From Deduction to Deed: Kant's Grounding of the Moral Law

Kantian Review 13 (1):52-81 (2008)
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In the Critique of Practical Reason, Kant presents the moral law as the sole ‘fact of pure reason’ that neither needs nor admits of a deduction to establish its authority. This claim may come as a surprise to many readers of his earlier Groundwork of the Metaphysics of Morals. In the last section of the Groundwork, Kant seemed to offer a sketch of just such a ‘deduction of the supreme principle of morality’ . Although notoriously obscure, this sketch shows that Kant hoped to base the moral law in the freedom that rational agents can claim as members of the ‘intelligible world’ that transcendental idealism makes available to us. In contrast, the second Critique abandons all aspirations of deriving morality from more basic notions of freedom and practical rationality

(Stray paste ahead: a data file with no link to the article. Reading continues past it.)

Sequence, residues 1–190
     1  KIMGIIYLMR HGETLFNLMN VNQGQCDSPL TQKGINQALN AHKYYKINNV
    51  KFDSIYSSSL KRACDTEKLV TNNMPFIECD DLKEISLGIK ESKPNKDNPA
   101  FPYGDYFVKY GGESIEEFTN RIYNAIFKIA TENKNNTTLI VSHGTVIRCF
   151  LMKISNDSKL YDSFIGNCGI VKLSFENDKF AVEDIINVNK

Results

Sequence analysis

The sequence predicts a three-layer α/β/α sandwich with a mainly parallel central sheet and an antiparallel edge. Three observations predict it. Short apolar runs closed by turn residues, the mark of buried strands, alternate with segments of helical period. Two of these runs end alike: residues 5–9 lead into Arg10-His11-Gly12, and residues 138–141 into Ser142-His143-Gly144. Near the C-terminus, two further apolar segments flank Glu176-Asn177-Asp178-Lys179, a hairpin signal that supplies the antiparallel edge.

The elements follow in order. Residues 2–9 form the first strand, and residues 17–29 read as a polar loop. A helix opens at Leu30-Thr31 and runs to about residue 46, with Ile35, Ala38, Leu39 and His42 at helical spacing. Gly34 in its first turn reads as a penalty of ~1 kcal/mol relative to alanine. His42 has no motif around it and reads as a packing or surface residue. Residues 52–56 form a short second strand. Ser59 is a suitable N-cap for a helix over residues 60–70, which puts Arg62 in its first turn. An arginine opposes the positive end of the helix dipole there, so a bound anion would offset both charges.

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Author's Profile

David Sussman
University of Illinois, Urbana-Champaign

References found in this work

Creating the Kingdom of Ends.Christine M. Korsgaard - 1996 - New York, NY, USA: Cambridge University Press.
Kant's Theory of Freedom.Henry E. Allison - 1990 - New York: Cambridge University Press.
On the Basis of Morality.Arthur Schopenhauer - 1965 - Providence: Hackett. Edited by E. F. J. Payne.
Christine M. Korsgaard: Creating the Kingdom of Ends.James Lenman - 1998 - Ethical Theory and Moral Practice 1 (4):487-488.
The unity of reason: rereading Kant.Susan Neiman - 1994 - New York: Oxford University Press.

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